The Jewish Daily Forward welcomes reader comments in order to promote thoughtful discussion on issues of importance to the Jewish community. In the interest of maintaining a civil forum, The Jewish Daily Forwardrequires that all commenters be appropriately respectful toward our writers, other commenters and the subjects of the articles. Vigorous debate and reasoned critique are welcome; name-calling and personal invective are not. While we generally do not seek to edit or actively moderate comments, our spam filter prevents most links and certain key words from being posted and The Jewish Daily Forward reserves the right to remove comments for any reason.





Find us on Facebook!
  • “The Black community was resistant to the Jewish community coming into the neighborhood — at first.” Watch this video about how a group of gardeners is rebuilding trust between African-Americans and Jews in Detroit.
  • "I am a Jewish woman married to a non-Jewish man who was raised Catholic, but now considers himself a “common-law Jew.” We are raising our two young children as Jews. My husband's parents are still semi-practicing Catholics. When we go over to either of their homes, they bow their heads, often hold hands, and say grace before meals. This is an especially awkward time for me, as I'm uncomfortable participating in a non-Jewish religious ritual, but don't want his family to think I'm ungrateful. It's becoming especially vexing to me now that my oldest son is 7. What's the best way to handle this situation?" http://jd.fo/b4ucX What would you do?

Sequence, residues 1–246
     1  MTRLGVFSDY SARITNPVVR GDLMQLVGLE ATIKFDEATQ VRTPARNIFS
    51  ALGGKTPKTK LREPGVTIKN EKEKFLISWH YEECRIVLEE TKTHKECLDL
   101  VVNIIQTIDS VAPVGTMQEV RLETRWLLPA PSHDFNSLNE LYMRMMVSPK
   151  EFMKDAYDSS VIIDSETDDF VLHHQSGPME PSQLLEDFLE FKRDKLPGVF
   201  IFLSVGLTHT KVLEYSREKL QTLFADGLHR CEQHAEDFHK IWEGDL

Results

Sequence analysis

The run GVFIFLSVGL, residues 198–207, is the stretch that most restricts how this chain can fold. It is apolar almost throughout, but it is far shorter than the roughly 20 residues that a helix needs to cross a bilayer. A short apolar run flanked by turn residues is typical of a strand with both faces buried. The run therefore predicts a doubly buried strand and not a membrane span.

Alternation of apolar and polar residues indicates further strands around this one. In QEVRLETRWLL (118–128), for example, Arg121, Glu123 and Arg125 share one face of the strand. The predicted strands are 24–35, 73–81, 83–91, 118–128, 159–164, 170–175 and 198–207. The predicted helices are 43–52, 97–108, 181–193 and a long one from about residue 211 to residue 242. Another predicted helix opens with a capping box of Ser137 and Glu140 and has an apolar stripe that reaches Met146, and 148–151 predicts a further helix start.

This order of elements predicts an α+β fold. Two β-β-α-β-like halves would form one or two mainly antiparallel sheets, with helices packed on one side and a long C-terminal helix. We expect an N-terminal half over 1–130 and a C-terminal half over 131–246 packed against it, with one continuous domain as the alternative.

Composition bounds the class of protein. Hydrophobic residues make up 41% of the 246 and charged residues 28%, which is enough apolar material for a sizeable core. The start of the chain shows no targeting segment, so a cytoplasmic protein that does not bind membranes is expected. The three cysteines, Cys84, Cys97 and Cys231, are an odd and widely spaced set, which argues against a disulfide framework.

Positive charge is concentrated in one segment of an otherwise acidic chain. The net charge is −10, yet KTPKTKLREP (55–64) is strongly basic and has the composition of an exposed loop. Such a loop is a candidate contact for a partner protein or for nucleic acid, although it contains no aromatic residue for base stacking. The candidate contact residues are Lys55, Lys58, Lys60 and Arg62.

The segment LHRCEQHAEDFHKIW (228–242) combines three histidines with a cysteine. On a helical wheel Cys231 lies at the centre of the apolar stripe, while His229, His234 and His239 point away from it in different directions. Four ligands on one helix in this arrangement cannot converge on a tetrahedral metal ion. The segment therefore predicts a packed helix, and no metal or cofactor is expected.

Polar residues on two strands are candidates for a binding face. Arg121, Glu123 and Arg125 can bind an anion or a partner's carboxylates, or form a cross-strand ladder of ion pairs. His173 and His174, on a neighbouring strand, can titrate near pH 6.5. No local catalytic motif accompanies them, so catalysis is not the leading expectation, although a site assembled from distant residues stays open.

• Maybe he was trying to give her a "schtickle of fluoride"...
  • It's all fun, fun, fun, until her dad takes the T-Bird away for Shabbos.
  • "Like many Jewish people around the world, I observed Shabbat this weekend. I didn’t light candles or recite Hebrew prayers; I didn’t eat challah or matzoh ball soup or brisket. I spent my Shabbat marching for justice for Eric Garner of Staten Island, Michael Brown of Ferguson, and all victims of police brutality."
  • Happy #NationalDogDay! To celebrate, here's a little something from our archives:
  • A Jewish couple was attacked on Monday night in New York City's Upper East Side. According to police, the attackers flew Palestinian flags.
  • "If the only thing viewers knew about the Jews was what they saw on The Simpsons they — and we — would be well served." What's your favorite Simpsons' moment?
  • "One uncle of mine said, 'I came to America after World War II and I hitchhiked.' And Robin said, 'I waited until there was a 747 and a kosher meal.'" Watch Billy Crystal's moving tribute to Robin Williams at last night's #Emmys:
  • "Americans are much more focused on the long term and on the end goal which is ending the violence, and peace. It’s a matter of zooming out rather than debating the day to day.”
  • "I feel great sorrow about the fact that you decided to return the honor and recognition that you so greatly deserve." Rivka Ben-Pazi, who got Dutchman Henk Zanoli recognized as a "Righteous Gentile," has written him an open letter.
  • Is there a right way to criticize Israel?
  • From The Daily Show to Lizzy Caplan, here's your Who's Jew guide to the 2014 #Emmys. Who are you rooting for?
  • “People at archives like Yad Vashem used to consider genealogists old ladies in tennis shoes. But they have been impressed with our work on indexing documents. Now they are lining up to work with us." This year's Jewish Genealogical Societies conference took place in Utah. We got a behind-the-scenes look:
  • What would Maimonides say about Warby Parker's buy-one, give-one charity model?
  • from-cache

Would you like to receive updates about new stories?




















We will not share your e-mail address or other personal information.

Already subscribed? Manage your subscription.